The True Southron [Sumter, SC] 6 November 1883: p. 1

Mrs Daffodil’s Aide-memoire: “Oscar Wilde days,” indeed. Mrs Daffodil has known two gentlemen who went through a velvet coat period: one was an elegant professor of French, whose students all sighed for him; the other was a fair young man with the pale tresses and long nose of a borzoi. The garments are undoubtedly becoming to their owners, and young ladies seem desirous of petting them, but too often a velvet coat brands a young man as “artistic,” with all the opprobrium so frequently directed at that species by doting Papas. Still, many gentlemen remember their velvet coats fondly. Mrs Daffodil appends a poem of nostalgia for such a garment:

My Old Coat

Mortimer Collins

This old velvet coat has grown queer, I admit,
And changed is the colour and loose is the fit;
Though to beauty it certainly cannot aspire,
’Tis a cosy old coat for a seat by the fire.


When I first put it on, it was awfully swell,
I went to a pic-nic, met Lucy Lepel;
Made a hole in the heart of that sweet little girl,
And disjointed the nose of her lover, the earl.


We rambled away o’er moorland together,
My coat was bright purple, and so was the heather;
And so was the sunset that blazed in the west,
As Lucy’s fair tresses were laid on my breast.


We plighted our troth ’neath that sunset aflame,
But Lucy returned to her earl all the same;
She’s a grandmamma now and is going downhill,
But my old velvet coat is a friend to me still.


It was built by -a tailor of mighty renown,
Whose art is no longer the talk of the town;
A magical picture my memory weaves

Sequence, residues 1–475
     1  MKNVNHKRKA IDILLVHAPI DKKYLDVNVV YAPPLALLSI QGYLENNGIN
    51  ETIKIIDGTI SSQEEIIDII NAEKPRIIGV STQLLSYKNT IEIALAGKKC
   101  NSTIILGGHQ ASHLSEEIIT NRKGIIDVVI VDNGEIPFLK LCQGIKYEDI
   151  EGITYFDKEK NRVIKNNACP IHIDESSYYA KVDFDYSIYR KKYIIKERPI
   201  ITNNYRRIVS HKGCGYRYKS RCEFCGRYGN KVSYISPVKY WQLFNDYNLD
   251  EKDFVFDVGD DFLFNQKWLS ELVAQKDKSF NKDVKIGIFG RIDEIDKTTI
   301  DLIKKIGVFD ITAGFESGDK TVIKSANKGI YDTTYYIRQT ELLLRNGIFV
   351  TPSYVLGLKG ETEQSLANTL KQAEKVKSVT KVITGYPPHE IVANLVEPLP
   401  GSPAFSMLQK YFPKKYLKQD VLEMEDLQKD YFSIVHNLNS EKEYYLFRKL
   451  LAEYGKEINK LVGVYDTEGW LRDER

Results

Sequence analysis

When I thrust my tired arms through its easy old sleeves.


I see in the fire, through the smoke of my pipe,
Sweet maidens of old that are long over ripe;
And a troop of old cronies, right gay cavaliers,
Whose guineas paid well for champagne at Watier’s.


A strong generation, who drank, fought, and kissed,
Whose hands never trembled, whose shots never missed;
Who lived a quick life, for their pulses beat high,
We remember them well, sir, my old coat and I.


Ah, gone is the age of wild doings at Court,
Rotten boroughs, knee-breeches, hair-triggers, and port;
Still I’ve got a magnum to moisten my throat,
And I’ll drink to the past in my old tattered coat.

Modern Merry Men: Authors in the Lighter Vein in the Victorian Era, William Andrews 1904

Mrs Daffodil invites you to join her on the curiously named “Face-book,” where you will find a feast of fashion hints, fads and fancies, and historical anecdotes

You may read about a sentimental succubus, a vengeful seamstress’s ghost, Victorian mourning gone horribly wrong, and, of course, Mrs Daffodil’s efficient tidying up after a distasteful decapitation in A Spot of Bother: Four Macabre Tales.

The Rational Dress Show: 1883

"The Bicycle Suit" 12 January 1895 Photo-engraving of ink drawing Punch, p. 23 Courtesy Athenæum Club Library London Bicycle, sewing machine -- it's all technology Scanned image and text by George P. Landow

12 January 1895
Photo-engraving of ink drawing
Punch, p. 23
Courtesy Athenæum Club Library
Bicycle, sewing machine — it’s all technology
Scanned image and text by George P. Landow



(By Our Fair Correspondent.)

In the Hall of the Prince is a Show—stuffs and chintzes—

(O Maidens of England, pray list to my song!)